09/2015; 17(5). DOI:10.1089/cell.2015.0009
    • "We demonstrated that certain hiPSC-derived cells such as RPE cells are much less immunogenic than other hiPSCderived cell types such as SMCs. The mechanisms underlying the differential immunogenicity can be very complex, depending on the intrinsic immune characteristics of the cell types and the impact of epigenetic abnormality of hiPSCs on differentiated cell types as previously noted (Bar-Nur et al., 2011; Bock et al., 2011; Kim et al., 2010, 2011; Polo et al., 2010; Ruiz et al., 2012). In support of this notion, we demonstrate that the abnormal expression of immunogenic antigens in some hiPSCderived cells, but not in others, contributes to the differential immunogenicity. "
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    Cell stem cell 08/2015; 17(3). DOI:10.1016/j.stem.2015.07.021 · 22.27 Impact Factor
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    • "Furthermore, by sequencing and combining dozens of low-input methylomes from the same sample (e.g., one-cell, four-cell, or 20-cell pools), it will be possible to create composite methylomes that provide excellent genomewide coverage based on relatively few cells and include an inherent assessment of variation. Essentially, composite methylomes redefine the concept of reference epigenome corridors (Bock et al., 2011) in the context of individual samples, thus providing a new type of reference methylome map that can account for tissue heterogeneity and cell-to-cell variation. "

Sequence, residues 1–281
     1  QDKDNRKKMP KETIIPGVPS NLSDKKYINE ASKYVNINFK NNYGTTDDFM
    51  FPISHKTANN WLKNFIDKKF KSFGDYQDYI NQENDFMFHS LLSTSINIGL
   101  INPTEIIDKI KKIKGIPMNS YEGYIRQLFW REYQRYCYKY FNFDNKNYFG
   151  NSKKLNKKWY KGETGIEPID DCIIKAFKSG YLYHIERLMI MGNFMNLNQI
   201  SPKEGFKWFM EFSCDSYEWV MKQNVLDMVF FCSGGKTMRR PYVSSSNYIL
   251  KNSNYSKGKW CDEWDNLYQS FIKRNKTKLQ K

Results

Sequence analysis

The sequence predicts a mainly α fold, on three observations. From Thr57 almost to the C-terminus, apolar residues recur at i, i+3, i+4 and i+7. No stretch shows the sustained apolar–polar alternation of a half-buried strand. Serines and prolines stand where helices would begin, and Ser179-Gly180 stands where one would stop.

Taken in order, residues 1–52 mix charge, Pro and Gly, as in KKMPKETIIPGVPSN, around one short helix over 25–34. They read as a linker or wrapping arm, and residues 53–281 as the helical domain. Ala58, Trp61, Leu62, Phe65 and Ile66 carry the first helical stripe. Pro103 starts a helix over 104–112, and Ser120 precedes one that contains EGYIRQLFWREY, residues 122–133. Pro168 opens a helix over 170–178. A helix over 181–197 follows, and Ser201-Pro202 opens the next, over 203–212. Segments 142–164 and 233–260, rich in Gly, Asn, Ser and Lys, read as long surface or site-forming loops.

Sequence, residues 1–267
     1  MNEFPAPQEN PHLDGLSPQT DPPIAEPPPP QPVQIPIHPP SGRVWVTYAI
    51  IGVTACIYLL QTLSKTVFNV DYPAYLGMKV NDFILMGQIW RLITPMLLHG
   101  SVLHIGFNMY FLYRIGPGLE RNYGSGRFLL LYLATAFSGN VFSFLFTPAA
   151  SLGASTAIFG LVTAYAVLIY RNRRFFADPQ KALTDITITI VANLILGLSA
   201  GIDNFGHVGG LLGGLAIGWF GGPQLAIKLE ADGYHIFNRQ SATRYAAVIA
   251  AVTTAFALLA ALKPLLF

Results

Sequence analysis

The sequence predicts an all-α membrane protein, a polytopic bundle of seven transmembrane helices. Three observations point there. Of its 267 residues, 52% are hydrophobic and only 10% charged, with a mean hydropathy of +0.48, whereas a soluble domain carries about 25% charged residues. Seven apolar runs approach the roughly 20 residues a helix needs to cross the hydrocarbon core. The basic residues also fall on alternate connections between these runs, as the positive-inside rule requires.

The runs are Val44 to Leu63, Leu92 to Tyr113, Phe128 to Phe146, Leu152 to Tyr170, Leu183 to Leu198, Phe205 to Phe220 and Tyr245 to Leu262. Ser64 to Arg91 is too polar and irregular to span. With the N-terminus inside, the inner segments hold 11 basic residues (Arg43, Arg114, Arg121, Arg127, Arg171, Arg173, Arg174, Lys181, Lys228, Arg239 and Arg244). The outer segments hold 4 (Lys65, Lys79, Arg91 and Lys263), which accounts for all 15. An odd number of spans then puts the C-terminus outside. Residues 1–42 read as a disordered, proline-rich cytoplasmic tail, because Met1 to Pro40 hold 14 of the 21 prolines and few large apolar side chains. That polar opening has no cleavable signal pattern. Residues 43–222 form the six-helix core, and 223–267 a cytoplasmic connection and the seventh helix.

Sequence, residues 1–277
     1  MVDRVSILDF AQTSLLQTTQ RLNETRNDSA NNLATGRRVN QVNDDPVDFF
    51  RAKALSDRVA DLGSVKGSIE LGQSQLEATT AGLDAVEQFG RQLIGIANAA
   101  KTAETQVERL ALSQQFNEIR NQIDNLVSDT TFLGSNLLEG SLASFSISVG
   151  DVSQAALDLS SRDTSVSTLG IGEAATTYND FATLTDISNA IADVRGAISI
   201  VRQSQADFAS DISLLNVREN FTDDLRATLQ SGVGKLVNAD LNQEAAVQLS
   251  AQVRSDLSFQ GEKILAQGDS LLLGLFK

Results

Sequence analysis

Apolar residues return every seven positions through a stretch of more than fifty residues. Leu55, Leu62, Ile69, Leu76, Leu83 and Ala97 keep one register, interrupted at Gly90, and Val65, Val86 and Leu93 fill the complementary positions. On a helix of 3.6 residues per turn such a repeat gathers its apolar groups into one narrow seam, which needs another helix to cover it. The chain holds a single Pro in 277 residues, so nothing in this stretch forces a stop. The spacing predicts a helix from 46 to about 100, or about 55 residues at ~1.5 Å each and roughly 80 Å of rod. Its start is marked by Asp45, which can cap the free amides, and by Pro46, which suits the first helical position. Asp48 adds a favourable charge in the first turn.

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    ABSTRACT: Methods for single-cell genome and transcriptome sequencing have contributed to our understanding of cellular heterogeneity, whereas methods for single-cell epigenomics are much less established. Here, we describe a whole-genome bisulfite sequencing (WGBS) assay that enables DNA methylation mapping in very small cell populations (μWGBS) and single cells (scWGBS). Our assay is optimized for profiling many samples at low coverage, and we describe a bioinformatic method that analyzes collections of single-cell methylomes to infer cell-state dynamics. Using these technological advances, we studied epigenomic cell-state dynamics in three in vitro models of cellular differentiation and pluripotency, where we observed characteristic patterns of epigenome remodeling and cell-to-cell heterogeneity. The described method enables single-cell analysis of DNA methylation in a broad range of biological systems, including embryonic development, stem cell differentiation, and cancer. It can also be used to establish composite methylomes that account for cell-to-cell heterogeneity in complex tissue samples. Copyright © 2015 The Authors. Published by Elsevier Inc. All rights reserved.